Definition 10. Let be a map such that, for each , the restriction of to is -integrable. Then, the mean value of with respect to the family is if the limit exists.

2.3. Limit Means and Infinite Dimensional Integrals

Definition 11. Let be a sequence of probability spaces such that(i) is a metric space;(ii), and the topology of restricted to coincides with the topology of ;(iii) Then, we define, for the maps defined on , if , and if the limit converges,called limit mean of with respect to .

This definition intends to fit with the procedure of integration of cylindrical functions in Hilbert spaces. Let us first describe the “toy” example of these infinite dimensional integrals, where such an approach is not needed: the limit mean considered is in fact a Dirac mean.

Example 12 (Daniell integral). Let us consider cylinder functions on Let be the -dimensional projection. Then, there exists such thatThen, adequate sequences for the Monte Carlo method are those whose push-forwards on are also adequate for this method. The projectors converge (weakly) to identity, the condition on the sequence is that, for each , the push-forwards of the sequences on fit with the desired conditions: the sequence is a Monte Carlo sequence for the cube equipped with the (trace of) Lebesgue measure. It is well known that such a sequence exists, through, for example, the powers of : where is the integer part of the real number Thus, Daniell integral appears by its definition as a limit mean for the sequence defined by , equipped with the classical Lebesque measure. But Daniell integral appears also as a Dirac mean whose domain contains cylindrical functions.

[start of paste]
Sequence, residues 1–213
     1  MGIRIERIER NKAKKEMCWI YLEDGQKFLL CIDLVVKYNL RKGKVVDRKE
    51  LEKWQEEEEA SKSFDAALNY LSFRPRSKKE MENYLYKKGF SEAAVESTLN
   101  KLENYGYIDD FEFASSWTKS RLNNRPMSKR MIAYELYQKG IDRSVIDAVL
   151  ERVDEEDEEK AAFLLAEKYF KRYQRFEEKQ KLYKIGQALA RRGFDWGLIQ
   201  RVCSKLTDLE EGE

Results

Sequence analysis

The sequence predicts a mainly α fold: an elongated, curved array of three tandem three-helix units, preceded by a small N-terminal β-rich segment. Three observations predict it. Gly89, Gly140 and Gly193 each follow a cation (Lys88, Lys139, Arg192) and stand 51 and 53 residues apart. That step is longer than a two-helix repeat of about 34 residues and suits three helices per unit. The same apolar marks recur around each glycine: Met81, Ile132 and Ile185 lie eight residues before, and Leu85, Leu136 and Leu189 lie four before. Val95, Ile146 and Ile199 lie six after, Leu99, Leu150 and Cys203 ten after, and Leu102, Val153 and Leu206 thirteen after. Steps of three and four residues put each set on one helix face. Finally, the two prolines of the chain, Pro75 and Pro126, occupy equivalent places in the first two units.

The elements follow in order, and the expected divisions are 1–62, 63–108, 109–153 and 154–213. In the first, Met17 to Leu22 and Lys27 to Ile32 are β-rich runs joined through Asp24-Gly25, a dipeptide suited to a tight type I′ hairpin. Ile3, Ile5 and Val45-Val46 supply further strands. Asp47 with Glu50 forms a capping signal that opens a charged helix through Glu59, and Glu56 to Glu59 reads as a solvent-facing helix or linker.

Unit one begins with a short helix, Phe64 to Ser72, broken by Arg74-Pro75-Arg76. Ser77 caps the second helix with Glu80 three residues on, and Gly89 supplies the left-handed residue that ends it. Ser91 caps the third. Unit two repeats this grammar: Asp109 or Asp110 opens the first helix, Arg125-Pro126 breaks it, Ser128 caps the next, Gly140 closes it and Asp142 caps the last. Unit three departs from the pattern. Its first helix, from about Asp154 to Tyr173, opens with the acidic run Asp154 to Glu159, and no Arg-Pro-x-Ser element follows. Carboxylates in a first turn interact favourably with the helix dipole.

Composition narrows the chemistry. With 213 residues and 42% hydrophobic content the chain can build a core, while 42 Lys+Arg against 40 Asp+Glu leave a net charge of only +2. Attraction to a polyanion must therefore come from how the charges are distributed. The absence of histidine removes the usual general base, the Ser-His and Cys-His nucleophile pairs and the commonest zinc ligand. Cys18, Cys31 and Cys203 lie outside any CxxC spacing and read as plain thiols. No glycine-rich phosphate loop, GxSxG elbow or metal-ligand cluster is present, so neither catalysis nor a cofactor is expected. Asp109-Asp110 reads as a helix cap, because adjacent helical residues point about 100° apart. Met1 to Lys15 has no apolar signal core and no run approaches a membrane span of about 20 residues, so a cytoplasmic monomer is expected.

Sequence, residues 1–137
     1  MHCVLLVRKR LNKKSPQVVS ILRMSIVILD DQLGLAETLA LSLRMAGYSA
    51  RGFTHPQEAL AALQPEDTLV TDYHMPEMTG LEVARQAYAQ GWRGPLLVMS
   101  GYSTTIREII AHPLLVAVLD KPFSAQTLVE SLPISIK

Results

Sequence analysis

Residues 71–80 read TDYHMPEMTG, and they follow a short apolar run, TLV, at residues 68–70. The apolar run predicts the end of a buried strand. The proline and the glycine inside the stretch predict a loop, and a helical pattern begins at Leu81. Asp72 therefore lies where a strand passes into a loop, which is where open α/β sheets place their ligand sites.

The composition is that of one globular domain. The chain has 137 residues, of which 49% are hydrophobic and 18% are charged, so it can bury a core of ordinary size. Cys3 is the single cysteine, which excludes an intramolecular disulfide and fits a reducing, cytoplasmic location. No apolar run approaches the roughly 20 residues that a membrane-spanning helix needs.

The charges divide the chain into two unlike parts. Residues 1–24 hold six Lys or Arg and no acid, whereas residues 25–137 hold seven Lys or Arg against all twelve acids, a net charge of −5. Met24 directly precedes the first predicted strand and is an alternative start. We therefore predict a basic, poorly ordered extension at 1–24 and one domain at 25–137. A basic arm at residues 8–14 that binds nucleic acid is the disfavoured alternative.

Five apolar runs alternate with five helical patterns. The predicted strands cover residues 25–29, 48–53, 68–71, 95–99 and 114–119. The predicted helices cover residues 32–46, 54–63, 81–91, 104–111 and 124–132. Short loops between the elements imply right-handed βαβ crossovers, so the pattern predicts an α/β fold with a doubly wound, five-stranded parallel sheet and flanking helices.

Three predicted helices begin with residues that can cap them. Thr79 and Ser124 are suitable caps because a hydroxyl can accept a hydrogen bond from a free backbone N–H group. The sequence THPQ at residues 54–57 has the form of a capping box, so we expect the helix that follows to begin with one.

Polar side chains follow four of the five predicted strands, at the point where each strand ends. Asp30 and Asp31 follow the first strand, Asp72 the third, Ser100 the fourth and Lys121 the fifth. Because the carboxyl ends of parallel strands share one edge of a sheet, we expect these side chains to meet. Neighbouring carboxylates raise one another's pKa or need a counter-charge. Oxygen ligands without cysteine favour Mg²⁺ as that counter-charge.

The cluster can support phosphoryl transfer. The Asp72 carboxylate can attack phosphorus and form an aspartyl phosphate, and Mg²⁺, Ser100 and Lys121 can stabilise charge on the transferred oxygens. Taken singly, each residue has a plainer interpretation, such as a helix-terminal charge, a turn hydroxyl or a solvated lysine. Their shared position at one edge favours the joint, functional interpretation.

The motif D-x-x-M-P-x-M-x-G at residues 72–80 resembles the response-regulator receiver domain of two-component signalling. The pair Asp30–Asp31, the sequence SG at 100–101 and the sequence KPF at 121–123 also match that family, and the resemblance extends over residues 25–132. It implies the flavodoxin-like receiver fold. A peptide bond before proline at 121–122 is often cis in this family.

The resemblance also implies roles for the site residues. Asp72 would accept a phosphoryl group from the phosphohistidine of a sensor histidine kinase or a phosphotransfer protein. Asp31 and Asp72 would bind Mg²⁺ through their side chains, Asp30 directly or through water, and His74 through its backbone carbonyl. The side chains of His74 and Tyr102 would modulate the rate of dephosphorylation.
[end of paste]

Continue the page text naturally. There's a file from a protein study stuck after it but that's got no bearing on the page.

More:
This example motivates the comparison between limit means, and

Example 13 (Fresnel-type integrals). First, let There exists a sequence satisfying Definition 1, and for each , there exists a sequence of Dirac measures which converge to with respect to the Monte Carlo method. Thus, finding a sequence of Dirac measures which can define a Dirac mean which coincides with becomes a problem of extracting a sequence of Dirac measures which converges to The same is for a limit mean = “”. Let us describe more precisely the open problems on the example of oscillatory and Fresnel integrals. Let be a fixed function. Following [16] (see, e.g., [7, 8, 17, 18]), we define the following.